As the significance of classroom management continues to dominate public schools, too many teachers are struggling to manage disruptive students. Escalating rates and intensity of misbehavior are associated with chronic achievement issues.
Initially, teachers must understand students’ normative, age -related school behavior. Lacking this knowledge distorts setting appropriate behavioral expectations, a primary factor in conflicts when students fail to follow class rules. This miscalculation fosters behavioral tension between teachers’ inaccurate standards and students’ immaturity or resistance. Videotapes of different developmental stages, checklists of realistic skills and training from school psychologists is warranted.
Miss Emerson’s kindergarten class has a diverse roster of five to six year olds, a blend of some with prior preschool programming and those entering public education for their first time. The class displays a wide range of behavioral skills regarding following directions, sharing, cooperating and independence. Surprised by these differences, she experiments with a variety of behavioral plans to create a positive classroom environment. A better awareness of child development would have simplified her adjustment.
Another major misperception of teachers is their belief that students understand appropriate school conduct. Regardless of age or grade, it is assumed that students have acquired and internalized self-control commensurate with natural maturation. A second grader, by example, can walk quietly in line, while a ninth grader can remain on task during a 40-minute instruction. While more realistic in prior decades with greater parental investment, it’s optimistic to anticipate this skill in today’s learners, particularly from families coping with social economic stress. Administrators should highlight their community’s demographic data for beginning teachers unfamiliar with the school’s history, since managing these daily stressors interferes with teaching behavioral readiness for school, a dramatic shift in 21st century families.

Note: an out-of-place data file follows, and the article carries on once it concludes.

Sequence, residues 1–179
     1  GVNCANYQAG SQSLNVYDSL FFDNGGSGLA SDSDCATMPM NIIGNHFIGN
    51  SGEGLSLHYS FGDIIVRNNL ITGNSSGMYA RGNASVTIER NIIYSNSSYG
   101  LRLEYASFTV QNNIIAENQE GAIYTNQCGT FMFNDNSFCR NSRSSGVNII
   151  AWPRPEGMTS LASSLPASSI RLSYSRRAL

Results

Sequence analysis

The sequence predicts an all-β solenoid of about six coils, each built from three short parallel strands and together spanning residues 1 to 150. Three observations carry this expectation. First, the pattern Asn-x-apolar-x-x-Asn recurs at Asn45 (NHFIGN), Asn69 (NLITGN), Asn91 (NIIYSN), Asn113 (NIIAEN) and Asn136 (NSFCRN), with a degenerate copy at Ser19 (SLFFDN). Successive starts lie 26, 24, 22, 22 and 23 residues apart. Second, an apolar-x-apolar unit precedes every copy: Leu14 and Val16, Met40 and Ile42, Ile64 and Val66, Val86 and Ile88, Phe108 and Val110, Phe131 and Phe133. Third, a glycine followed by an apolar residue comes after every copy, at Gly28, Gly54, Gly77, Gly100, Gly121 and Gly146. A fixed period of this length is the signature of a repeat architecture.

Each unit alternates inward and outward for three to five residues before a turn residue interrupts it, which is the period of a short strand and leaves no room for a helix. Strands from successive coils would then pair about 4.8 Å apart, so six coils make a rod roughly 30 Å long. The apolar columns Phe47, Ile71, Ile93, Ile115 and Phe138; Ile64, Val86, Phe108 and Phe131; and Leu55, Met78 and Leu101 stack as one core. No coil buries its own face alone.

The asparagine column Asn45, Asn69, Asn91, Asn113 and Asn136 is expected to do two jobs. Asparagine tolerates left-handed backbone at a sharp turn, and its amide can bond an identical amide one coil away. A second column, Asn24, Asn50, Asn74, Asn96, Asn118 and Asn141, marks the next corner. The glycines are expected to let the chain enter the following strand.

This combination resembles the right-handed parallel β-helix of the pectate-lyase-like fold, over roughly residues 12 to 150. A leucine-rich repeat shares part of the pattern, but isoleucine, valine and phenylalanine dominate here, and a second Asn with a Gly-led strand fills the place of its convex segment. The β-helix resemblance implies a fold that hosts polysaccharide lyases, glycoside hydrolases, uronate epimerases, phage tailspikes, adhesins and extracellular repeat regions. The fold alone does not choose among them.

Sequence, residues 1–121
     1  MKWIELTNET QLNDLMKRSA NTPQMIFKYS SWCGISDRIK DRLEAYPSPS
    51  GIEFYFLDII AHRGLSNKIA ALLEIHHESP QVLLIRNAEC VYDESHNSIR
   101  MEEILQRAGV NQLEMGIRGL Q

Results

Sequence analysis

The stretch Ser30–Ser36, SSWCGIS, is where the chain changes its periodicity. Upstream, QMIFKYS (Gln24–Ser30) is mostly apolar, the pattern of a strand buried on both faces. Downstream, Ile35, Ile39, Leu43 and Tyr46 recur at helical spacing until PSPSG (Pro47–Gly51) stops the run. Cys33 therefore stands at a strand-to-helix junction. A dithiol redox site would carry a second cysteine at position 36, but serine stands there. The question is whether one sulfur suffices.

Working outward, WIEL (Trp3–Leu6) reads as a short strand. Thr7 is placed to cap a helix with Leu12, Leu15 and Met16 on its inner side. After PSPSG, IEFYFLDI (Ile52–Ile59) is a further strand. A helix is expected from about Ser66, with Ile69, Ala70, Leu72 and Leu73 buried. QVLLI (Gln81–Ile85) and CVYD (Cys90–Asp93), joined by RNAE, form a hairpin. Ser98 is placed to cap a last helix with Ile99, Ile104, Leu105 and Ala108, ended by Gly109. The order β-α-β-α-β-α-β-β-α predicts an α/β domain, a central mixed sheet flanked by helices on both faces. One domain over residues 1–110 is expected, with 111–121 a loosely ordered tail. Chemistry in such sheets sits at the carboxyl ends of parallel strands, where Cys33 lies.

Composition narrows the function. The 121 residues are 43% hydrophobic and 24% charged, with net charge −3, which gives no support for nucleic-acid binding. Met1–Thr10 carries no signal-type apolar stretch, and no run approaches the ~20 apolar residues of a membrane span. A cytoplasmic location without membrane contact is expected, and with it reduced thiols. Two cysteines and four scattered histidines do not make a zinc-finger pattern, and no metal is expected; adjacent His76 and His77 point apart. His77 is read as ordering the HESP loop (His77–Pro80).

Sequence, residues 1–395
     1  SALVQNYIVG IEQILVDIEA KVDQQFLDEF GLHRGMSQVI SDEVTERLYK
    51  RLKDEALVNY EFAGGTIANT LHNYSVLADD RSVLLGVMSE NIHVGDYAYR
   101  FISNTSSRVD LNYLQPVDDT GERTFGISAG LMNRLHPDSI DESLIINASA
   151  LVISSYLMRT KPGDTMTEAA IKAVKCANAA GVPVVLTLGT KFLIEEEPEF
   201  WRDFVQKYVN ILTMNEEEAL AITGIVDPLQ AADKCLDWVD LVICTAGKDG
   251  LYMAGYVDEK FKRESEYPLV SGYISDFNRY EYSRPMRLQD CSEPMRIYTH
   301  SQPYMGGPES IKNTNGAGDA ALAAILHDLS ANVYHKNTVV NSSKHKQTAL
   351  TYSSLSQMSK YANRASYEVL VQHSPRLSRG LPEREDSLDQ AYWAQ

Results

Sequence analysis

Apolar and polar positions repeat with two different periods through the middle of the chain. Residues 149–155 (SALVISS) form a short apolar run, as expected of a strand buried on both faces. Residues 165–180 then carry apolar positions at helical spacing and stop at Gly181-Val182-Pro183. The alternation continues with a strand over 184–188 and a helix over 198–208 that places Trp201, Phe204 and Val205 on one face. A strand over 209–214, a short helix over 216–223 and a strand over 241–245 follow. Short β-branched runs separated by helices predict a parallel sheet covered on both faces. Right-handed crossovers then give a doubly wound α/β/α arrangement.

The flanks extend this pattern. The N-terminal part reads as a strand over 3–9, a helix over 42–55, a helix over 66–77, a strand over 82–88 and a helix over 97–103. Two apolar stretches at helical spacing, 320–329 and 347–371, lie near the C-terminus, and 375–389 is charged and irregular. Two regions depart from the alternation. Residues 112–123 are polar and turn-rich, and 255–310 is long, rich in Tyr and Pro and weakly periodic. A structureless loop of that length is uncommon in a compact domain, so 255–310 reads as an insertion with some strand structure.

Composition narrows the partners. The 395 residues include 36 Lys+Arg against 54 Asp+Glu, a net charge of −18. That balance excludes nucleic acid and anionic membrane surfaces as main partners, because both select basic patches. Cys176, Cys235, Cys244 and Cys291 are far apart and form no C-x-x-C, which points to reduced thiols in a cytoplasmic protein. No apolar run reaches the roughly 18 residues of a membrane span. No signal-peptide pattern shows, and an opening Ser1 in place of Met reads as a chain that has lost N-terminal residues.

A beginning seventh grade technology teacher, Ms. Ramsey, is baffled by students’ constant chatting during class activities, a natural social impulse of early adolescence. She lectures the group on acting like “middle schoolers,” a request with minimal relevance to students. Depersonalizing this predictable behavior must occur to achieve a compromise. Otherwise, Ms. Ramsey will be deterred from suppressing their self-expression.
A significantly more critical aspect of classroom management is the link between teachers’ affective characteristics and student behavior management. Unique temperamental traits are shaped by countless experiences during life stages, becoming relatively predictable reaching adulthood. As adult educators, these tendencies shape the emotional component of disciplining students’ compliance with established codes of conduct. While not always obvious during hiring interviews, or when assigned to a different school, administrators should carefully evaluate this interface with behavior management. By example, yelling at hyperactive students indicates a need for control, versus reinforcing sitting quietly during class. Teacher preparation, however, rarely addresses the affective domain, concentrating on pedagogical content, instead. This weakens potential career productivity and longevity. Recognizing the interaction of these traits with classroom management tasks is paramount to neutralizing the destructive effects of misbehavior. Periodic private discussions with staff are valuable to minimize unproductive reactions.